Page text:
Dividend investing isn't just for your grandma. It's a savvy approach to investing that can lead to superior returns. Sure, dividends benefit investors close to, or in, retirement -- most U.S. stocks pay you cold hard cash four times a year, and a rising dividend payment can help fight inflation. But long-term shareholders who reinvest that cash year after year are setting themselves up to become quite wealthy.  

For example, the dividend-paying monster that is Johnson & Johnson has turned an initial investment of $25,000 into $1.7 million over 30 years -- through dividend reinvestment. That's a return of more than 7,000%. By reinvesting the dividend payment each quarter, shareholders continuously increase their stake in a company -- without having to dig into their own pockets.

Buy the best like the best
Furthermore, there's a reason why Warren Buffett has found himself owning so many dividend payers, even if that's not his explicit strategy. Stocks such as UPS (NYSE: UPS) pay shareholders because they're strong businesses with wide moats that generate loads of cash year after year after year.

Dividend or no, these are precisely the types of companies you want to own for the next few decades. Alas, if you're not a master investor like Mr. Buffett, how can you find the very best ones at the very best prices?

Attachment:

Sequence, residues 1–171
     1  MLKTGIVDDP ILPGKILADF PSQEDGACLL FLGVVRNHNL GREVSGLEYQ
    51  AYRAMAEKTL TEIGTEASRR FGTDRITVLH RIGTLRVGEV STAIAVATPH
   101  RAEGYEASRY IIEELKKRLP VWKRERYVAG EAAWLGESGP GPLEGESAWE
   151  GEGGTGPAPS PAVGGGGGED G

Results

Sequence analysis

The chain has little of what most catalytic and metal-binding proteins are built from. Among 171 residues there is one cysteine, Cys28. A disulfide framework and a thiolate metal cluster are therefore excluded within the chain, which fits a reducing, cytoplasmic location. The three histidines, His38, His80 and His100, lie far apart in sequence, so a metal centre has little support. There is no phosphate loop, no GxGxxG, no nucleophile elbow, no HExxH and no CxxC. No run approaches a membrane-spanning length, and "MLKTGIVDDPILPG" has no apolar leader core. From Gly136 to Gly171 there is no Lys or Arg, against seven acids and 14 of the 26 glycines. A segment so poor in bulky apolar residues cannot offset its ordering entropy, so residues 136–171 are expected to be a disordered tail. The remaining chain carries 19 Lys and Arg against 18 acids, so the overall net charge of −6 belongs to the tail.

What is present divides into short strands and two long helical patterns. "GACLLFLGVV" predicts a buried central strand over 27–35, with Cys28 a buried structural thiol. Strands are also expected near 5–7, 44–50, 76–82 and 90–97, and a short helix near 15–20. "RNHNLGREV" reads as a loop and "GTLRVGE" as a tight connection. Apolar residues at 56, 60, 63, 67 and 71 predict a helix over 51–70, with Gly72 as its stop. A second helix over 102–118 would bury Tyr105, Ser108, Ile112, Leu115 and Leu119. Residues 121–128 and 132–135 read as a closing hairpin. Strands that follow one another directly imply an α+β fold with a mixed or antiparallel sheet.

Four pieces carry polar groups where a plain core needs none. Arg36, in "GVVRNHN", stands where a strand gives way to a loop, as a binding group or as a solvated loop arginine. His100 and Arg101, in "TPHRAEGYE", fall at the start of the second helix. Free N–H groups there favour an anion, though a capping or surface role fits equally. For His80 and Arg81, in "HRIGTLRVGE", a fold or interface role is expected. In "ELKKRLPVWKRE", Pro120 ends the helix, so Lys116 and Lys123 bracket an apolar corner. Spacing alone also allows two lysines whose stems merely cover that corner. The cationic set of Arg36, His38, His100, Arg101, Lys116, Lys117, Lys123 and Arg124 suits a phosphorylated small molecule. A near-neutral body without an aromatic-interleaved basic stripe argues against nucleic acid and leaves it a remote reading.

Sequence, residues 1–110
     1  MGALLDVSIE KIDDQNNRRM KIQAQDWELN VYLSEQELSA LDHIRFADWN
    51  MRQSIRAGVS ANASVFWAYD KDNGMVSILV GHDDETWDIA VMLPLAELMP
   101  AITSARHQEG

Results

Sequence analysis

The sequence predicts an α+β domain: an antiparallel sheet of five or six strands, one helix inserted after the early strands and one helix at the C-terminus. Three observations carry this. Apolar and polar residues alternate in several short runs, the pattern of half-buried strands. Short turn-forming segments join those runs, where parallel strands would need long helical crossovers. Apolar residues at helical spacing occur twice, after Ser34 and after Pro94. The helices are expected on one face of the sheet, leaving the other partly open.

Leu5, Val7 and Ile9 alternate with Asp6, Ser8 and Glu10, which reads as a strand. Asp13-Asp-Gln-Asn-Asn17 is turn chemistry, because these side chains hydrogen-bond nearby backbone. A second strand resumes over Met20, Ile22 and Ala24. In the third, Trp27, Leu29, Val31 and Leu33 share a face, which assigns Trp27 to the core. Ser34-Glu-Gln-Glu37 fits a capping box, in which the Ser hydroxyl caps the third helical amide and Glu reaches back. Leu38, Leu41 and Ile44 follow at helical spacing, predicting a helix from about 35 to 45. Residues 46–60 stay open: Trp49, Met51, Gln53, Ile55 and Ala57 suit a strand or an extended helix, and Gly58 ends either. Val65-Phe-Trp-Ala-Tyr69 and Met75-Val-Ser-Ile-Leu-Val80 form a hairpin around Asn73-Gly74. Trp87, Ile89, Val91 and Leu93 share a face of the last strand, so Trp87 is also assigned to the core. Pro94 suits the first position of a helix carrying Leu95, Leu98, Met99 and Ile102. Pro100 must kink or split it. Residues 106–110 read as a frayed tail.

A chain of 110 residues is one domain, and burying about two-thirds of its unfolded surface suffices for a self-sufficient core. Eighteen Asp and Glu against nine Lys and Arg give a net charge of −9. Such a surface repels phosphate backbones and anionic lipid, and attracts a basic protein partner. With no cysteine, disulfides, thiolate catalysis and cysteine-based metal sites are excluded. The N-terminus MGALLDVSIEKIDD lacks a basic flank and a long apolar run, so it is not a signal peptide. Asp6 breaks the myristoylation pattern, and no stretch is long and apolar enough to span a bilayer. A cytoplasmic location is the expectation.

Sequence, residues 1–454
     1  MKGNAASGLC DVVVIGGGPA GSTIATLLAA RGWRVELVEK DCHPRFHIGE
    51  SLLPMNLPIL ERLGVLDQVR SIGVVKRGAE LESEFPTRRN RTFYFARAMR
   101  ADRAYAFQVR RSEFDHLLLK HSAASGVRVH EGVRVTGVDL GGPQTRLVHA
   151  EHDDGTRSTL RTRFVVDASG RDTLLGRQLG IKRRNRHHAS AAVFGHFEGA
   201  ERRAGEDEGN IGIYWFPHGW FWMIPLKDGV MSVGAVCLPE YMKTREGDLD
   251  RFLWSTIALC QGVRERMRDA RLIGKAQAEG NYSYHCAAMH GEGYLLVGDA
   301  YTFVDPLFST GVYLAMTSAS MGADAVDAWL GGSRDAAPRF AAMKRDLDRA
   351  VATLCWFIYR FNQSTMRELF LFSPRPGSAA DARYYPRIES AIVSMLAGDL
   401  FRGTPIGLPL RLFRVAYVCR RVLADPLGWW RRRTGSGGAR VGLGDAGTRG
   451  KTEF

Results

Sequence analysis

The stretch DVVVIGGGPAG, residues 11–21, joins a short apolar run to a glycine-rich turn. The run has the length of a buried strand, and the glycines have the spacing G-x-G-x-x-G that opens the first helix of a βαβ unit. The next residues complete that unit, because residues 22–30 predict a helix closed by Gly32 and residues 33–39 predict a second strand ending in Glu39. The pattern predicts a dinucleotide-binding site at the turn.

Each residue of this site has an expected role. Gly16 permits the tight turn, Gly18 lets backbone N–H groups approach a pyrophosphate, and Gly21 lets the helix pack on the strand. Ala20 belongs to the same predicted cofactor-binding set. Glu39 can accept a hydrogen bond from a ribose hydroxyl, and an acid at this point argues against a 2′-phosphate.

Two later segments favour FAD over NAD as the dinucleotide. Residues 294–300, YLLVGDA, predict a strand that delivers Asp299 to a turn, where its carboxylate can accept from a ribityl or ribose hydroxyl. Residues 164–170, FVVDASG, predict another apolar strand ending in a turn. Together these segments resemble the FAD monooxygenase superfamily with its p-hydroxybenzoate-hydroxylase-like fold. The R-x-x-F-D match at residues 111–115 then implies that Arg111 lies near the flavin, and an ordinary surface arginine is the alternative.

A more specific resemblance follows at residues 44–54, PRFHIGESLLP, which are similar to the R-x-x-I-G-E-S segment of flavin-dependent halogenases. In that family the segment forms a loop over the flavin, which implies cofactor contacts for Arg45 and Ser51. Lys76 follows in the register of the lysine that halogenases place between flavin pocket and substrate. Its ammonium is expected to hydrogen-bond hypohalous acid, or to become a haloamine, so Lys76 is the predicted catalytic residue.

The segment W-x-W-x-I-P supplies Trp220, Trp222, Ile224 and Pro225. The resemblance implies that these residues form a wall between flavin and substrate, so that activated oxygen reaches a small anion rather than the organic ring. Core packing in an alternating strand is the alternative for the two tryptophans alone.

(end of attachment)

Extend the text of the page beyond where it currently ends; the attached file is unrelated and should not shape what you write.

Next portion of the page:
The magic formula
A recent study by Credit Suisse revealed that you could have beaten the market by eight percentage points annually (19.2% vs. 11.6%) by investing in the S&P 1500 stocks with the highest yields and lowest payout ratios.

In other words, these companies pay shareholders a healthy amount while keeping enough money on hand to reinvest in the business. Perhaps more importantly, a low payout ratio also means that the company's dividend will be safe in times of hardship, and that it has plenty of room to raise its dividend payment in the future.

Andy Cross, co-advisor of our Motley Fool Income Investor dividend investing service, particularly likes companies with a low payout ratio. According to Andy, "they have the freedom and flexibility to put their earnings to good use -- through dividend increases, stock buybacks, or reinvestments into their businesses."

Here's your homework
Now is a particularly good time to look for stocks with a low payout ratio -- the payout ratio of the S&P 500 has dropped to 30%. That's the lowest it's been in 50 years! Start by screening for companies with a payout ratio of 50% or less, and a yield that's well above the S&P average of 1.8%.

For example:


Recent Price

Payout Ratio


Allstate (NYSE: ALL)




Chevron (NYSE: CVX)




General Mills (NYSE: GIS)




Kellogg (NYSE: K)




Marathon Oil (NYSE: MRO)




Foolish final thought
By buying reliable dividend payers, you can watch your nest egg compound and grow during your working years, and rest assured that your dividend payments will boost your spending power during retirement. Learn more strategies for finding strong companies that pay their shareholders and make for great long-term investments in the Fool's dividend newsletter, Income Investor.

Co-advisors Andy Cross and James Early search the dividend universe for above-average companies with below-average prices. Click here for a no-obligation 30-day free trial. You'll have access to all stock recommendations and back issues, as well as the team's thoughts and insights via the subscriber-only discussion boards.

This article was first published Dec. 14, 2007. It has been updated.

Claire Stephanic does not own any of the stocks mentioned. UPS is an Income Investor recommendation. The Fool has a disclosure policy.